21st April 2010

Putting Time Limits on Rescheduled Flights Goes Against European Regulation, Says Consumer Counc

The Consumer Council has said airlines should not impose time limits on how soon passengers must travel once flights resume. It has called on airlines to be flexible and rebook tickets in passengers’ interest rather than commercial interest.

Aodhan O’Donnell, Head of Transport at the Consumer Council said: “EU Regulation[1] states that passengers whose flights have been cancelled are entitled to a full refund.  However, if they still want to travel airlines must offer a choice between a flight at the earliest opportunity once the restrictions are removed, or a flight at a later date which is convenient for the passenger.

“Passengers are in a difficult position.  While some flights are starting to take off, it is still not clear when all flights will return to normal and that makes it hard to choose between a full refund of their ticket or rebooking for another date. One of the passengers who contacted the Consumer Council was trying to get away on holiday before the arrival of a new baby in the family and now needs to wait for a few months before travelling. She was worried that she may not be allowed by the airline to rebook for a few months’ time.

“We are calling on airlines to be flexible and make alternative arrangements which suit the passengers’ needs, in line with the existing EU regulation.  We also want to assure passengers who are flying later in the week that they will not be bumped off their flight to accommodate those who have been stranded since last Thursday.  It is the responsibility of the airline to get everyone to their destination, even if that means putting passengers on other another airline or flying them to another airport close to their final destination.  It could also mean putting passengers other modes of travel such as ferries.  We urge the airlines to be as flexible as possible to sort the backlog of people and get them to their destination.

“The Consumer Council is clear that EU regulations put the onus on the airlines to communicate with passengers – and not the other way round – to agree new arrangements. Passengers are already distressed and frustrated and should not have to chase airlines for information or negotiate when they can travel, nor must they bear any additional expense[2].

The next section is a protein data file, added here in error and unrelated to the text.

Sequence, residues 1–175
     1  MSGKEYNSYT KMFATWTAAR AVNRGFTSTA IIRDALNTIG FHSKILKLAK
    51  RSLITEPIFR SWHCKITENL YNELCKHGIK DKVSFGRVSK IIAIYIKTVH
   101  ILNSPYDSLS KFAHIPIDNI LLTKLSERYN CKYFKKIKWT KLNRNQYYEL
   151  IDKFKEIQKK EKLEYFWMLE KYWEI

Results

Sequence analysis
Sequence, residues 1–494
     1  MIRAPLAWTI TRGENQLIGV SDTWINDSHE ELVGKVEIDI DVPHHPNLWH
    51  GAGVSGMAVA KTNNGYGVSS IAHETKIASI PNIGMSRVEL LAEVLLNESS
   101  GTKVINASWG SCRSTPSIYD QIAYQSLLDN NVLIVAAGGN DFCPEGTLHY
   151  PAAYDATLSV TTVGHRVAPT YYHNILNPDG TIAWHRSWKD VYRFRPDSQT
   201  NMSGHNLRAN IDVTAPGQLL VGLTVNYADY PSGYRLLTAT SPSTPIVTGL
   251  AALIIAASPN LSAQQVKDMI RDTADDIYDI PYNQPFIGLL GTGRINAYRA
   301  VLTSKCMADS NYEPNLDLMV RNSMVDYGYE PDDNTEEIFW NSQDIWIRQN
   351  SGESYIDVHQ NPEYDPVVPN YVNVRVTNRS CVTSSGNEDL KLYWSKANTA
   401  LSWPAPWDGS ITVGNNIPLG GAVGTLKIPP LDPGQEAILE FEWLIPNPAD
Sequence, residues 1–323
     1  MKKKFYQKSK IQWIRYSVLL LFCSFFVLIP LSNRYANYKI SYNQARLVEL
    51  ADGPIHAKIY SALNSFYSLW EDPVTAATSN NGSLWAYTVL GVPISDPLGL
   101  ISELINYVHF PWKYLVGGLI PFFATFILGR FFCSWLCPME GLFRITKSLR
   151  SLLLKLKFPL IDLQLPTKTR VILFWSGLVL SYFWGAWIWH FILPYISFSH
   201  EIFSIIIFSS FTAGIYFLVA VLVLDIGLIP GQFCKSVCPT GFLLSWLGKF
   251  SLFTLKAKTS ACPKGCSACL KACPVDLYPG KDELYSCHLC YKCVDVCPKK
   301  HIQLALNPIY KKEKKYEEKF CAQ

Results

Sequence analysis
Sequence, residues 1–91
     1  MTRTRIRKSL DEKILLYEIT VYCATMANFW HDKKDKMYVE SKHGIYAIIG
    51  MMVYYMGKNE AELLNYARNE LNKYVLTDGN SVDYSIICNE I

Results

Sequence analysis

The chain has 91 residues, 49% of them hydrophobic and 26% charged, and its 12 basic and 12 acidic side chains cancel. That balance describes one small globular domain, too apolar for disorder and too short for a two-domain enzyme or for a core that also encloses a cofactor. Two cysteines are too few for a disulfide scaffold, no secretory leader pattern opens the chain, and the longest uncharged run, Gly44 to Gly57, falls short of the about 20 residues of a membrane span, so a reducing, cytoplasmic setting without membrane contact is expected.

“We are also aware that airlines usually fill any spare seats on flights beginning with those who have experienced the longest delay, but the Consumer Council’s view is that priority should be given to passengers requiring particular assistance, for example those needing medical treatment or medication, passengers with disabilities or mobility difficulties or those with young children,” said Aodhan.  

The Consumer Council has urged airlines to provide free-phone or low cost phone numbers for passengers who need to contact them and to ensure they have staff at airports to speak to answer customers’ questions. It has also said it is concerned that air passengers affected by the volcanic ash cloud are not being made aware of their rights and has urged them to keep all receipts for accommodation, meals and telephone calls.

“The Consumer Council will continue to speak regularly with the airports, airlines, ferry and coach companies and put information on our website , facebook (Consumer Council Northern Ireland) and twitter (@ConsumerCouncil). Consumers can also contact the Consumer Council on 0800 121 6022,” concluded Aodhan.

  1. Consumer Council media contact: Keelin Kelly, telephone, 028 9067 4807 or e-mail, [email protected]
  2. The Consumer Council is an independent consumer organisation, working to bring about change to benefit Northern Ireland’s consumers. The Council campaigns for high standards of service and protection and a fair deal for all. It also carries out research, gives advice and publishes reports and other publications. It deals with individual complaints about buses, trains, planes, ferries, natural gas, electricity, coal and water.

For more information, visit our website at

[1]Regulation (EC) No 261/2004 establishes common rules on compensation and assistance to passengers in the event of denied boarding and of cancellation or long delay of flights.  Whilst the European Commission creates the legislation, the national enforcement bodies (NEB) of member states are responsible for enforcing the Regulation. The UK NEB is the Civil Aviation Authority, the ROI NEB is the Irish Aviation Authority.

[2]Passengers who choose to travel at a later date should not be charged any additional fees regardless of when the new flight is scheduled to depart. However, those who choose a refund may pay more if they then decide to book a flight at a later date.